Lucas v. Commonwealth

Annotate this Case

465 S.W.2d 267 (1971)

Joseph William LUCAS, Appellant, v. COMMONWEALTH of Kentucky, Appellee.

Court of Appeals of Kentucky.

April 2, 1971.

*268 Joseph William Lucas, pro se.

John B. Breckinridge, Atty. Gen., James H. Barr, Asst. Atty. Gen., Frankfort, for appellee.

DAVIS, Commissioner.

Joseph William Lucas, presently a prison inmate, sought post-conviction relief under RCr 11.42 in which he attacked the judgments imposing life sentences upon him pursuant to his pleas of guilty to two charges of armed robbery. His motion was denied without an evidentiary hearing.

The motion undertook to state eight separate grounds for relief. Without reciting these grounds in detail, it is appropriate to observe that all of them are purely conclusionary and vaporous. None of them presented any legal basis for affording an evidentiary hearing or granting the relief sought.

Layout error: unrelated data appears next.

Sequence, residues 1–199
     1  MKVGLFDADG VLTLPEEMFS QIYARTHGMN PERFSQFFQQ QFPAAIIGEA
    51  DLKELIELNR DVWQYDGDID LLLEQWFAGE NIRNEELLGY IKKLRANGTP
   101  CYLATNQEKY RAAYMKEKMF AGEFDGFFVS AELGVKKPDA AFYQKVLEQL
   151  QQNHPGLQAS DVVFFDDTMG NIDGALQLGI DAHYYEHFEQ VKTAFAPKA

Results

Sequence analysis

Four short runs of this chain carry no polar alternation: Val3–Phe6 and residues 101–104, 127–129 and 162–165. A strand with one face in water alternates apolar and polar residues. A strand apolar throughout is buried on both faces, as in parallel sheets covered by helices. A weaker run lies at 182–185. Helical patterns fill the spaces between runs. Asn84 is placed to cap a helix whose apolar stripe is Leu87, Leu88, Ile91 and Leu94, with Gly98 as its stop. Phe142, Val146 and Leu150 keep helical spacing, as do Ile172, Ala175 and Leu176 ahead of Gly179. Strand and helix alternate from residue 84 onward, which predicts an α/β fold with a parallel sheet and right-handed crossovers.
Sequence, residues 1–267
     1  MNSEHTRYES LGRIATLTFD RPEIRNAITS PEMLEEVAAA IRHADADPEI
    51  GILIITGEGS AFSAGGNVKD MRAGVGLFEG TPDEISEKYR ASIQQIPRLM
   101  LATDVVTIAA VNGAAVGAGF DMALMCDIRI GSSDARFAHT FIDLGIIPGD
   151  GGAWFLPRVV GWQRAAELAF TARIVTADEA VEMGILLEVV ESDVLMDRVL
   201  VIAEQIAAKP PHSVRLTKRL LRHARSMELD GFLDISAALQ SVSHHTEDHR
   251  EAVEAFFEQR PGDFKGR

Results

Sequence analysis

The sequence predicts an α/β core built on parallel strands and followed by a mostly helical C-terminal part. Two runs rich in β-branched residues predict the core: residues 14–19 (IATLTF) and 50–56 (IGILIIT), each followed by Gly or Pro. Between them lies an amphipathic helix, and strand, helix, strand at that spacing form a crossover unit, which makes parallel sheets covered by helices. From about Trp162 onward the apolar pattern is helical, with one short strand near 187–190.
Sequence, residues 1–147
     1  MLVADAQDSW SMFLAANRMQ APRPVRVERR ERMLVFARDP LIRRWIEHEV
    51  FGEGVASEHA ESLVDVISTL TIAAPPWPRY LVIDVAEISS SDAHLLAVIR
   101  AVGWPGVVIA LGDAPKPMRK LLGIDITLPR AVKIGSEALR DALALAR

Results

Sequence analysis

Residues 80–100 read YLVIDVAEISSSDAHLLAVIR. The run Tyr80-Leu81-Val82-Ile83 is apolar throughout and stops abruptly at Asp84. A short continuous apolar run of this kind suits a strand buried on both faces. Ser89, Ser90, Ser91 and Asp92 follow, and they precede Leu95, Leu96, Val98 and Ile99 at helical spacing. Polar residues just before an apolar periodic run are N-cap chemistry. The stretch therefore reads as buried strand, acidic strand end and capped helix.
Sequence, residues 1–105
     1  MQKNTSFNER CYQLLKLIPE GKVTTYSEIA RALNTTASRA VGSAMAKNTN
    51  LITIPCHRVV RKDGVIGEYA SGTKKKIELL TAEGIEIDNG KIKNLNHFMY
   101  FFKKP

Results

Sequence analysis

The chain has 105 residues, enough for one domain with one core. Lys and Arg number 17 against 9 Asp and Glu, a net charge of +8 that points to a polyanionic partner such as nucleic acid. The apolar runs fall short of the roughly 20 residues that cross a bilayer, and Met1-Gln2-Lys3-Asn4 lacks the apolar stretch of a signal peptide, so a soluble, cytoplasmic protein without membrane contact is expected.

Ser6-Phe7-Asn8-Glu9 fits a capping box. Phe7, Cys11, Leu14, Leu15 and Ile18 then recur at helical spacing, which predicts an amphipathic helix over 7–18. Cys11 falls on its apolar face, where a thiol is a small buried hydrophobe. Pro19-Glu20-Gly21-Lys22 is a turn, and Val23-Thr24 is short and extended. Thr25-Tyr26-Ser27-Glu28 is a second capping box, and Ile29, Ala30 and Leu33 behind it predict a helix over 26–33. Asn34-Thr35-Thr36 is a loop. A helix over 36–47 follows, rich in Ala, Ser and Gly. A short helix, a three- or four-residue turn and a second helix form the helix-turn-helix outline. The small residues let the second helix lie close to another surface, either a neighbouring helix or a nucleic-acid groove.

Appellant asserted as one of his claimed grounds for relief that his guilty plea was accepted without compliance with RCr 8.08. Such an assertion was insufficient in that it fell short of an affirmative statement that the guilty plea was involuntary or made without understanding of the nature of the charge. In seeking postconviction relief, the movant must aver facts with sufficient specificity to generate a basis for relief. Cf. Parker v. Commonwealth, Ky., 465 S.W.2d 280, decided March 26, 1971; Wheeler v. Commonwealth, Ky., 462 S.W.2d 921; Bennett v. Commonwealth, Ky., 463 S.W.2d 331, decided February 12, 1971.

Trial judges are reminded of the vital importance of RCr 8.08 in the matter of accepting guilty pleas. Reference is had to McCarthy v. United States, 394 U.S. 459, 89 S. Ct. 1166, 22 L. Ed. 2d 418; Halliday v. United States, 394 U.S. 831, 89 S. Ct. 1498, 23 L. Ed. 2d 16; Boykin v. Alabama, 395 U.S. 238, 89 S. Ct. 1709, 23 L. Ed. 2d 274. Compliance with RCr 8.08 will fulfill the dual purpose of having a judicial determination that the guilty plea is made voluntarily and understandingly, and providing an appropriate court record demonstrating those important facts.

The judgment is affirmed.

All concur.

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